I majored in English for undergrad and then decided to get my Masters in Secondary Education afterwards. I've since taught English for seventh, eighth and twelfth graders. English always gets such a bad rap in school as one of the "not fun" subjects. I always loved reading and writing, and my hope was that I could share my love of that with my students and change their mind about the subject.

While completing my bachelor's degree, I had to take the Praxis, both the Praxis Core Academic Skills for Educators tests and a specific Praxis English Language Arts subject area test. As part of the education program, I student taught at a charter school in Northeast Washington, D.C. and a public high school in the state of Maryland.

My advice to prospective teachers preparing for teacher certification is to build up the habit of studying a little bit every day. The easiest way to master the material is to stay immersed in it.

Jake D.
Science Teacher

"Learn about the requirements"

While in college I earned a B.S. in Physics and later an M.Ed. in Science Education. During my credentialing program, I was a student teacher in an 8th grade physical science classroom, and high school general and conceptual physics classrooms. After graduation, I taught several subjects, such as high school physics, engineering design, and principles of engineering, which required additional training in topics like CAD, robotics, and engineering design principles. My favorite thing about being a teacher is seeing students grow personally and academically over the course of a school year.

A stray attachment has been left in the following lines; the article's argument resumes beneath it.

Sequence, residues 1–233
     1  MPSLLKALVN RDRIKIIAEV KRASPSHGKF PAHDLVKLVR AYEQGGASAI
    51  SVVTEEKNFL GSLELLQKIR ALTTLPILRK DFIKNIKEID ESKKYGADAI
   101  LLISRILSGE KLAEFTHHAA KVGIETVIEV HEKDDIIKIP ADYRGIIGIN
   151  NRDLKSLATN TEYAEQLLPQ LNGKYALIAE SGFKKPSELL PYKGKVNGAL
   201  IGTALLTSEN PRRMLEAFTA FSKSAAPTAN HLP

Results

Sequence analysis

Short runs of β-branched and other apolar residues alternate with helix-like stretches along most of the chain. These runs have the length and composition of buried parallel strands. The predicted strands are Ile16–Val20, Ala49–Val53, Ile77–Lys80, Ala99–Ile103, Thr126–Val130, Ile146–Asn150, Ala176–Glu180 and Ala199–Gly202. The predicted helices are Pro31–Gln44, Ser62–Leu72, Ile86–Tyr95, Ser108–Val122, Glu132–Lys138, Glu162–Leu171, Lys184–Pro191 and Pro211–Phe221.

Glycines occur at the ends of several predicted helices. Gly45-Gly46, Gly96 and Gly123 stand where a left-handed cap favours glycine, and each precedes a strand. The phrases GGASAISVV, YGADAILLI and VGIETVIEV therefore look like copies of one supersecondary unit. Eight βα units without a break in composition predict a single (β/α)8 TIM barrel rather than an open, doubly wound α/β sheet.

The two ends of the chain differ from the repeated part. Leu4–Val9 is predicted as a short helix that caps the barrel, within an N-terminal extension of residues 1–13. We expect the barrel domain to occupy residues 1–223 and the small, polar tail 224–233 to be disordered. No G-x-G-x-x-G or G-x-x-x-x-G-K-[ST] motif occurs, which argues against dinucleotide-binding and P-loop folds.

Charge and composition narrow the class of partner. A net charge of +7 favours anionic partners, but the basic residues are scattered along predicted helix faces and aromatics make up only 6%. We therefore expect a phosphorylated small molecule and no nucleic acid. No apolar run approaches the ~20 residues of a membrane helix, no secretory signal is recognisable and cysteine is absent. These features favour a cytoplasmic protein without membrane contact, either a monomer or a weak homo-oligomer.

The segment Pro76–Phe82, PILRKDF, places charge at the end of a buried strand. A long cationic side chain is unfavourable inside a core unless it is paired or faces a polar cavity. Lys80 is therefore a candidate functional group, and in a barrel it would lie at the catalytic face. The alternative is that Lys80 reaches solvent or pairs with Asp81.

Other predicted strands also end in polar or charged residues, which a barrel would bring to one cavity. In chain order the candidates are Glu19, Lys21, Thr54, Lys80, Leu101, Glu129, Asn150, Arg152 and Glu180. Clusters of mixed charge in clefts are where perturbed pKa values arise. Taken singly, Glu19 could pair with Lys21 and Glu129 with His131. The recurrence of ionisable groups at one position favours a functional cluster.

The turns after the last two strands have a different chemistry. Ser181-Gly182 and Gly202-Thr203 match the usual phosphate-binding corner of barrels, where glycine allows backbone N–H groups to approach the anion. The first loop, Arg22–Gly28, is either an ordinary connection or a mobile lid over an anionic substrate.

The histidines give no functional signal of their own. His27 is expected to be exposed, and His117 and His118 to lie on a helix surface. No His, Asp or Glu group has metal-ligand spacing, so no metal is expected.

My advice to teachers preparing for their certification exams is to visit your state's website to learn about the requirements. Most states do a great job of specifying the topics covered on their certification exams, so if you're looking to get certified in a subject you majored in, it's just a matter of brushing up on those topics and general test taking skills.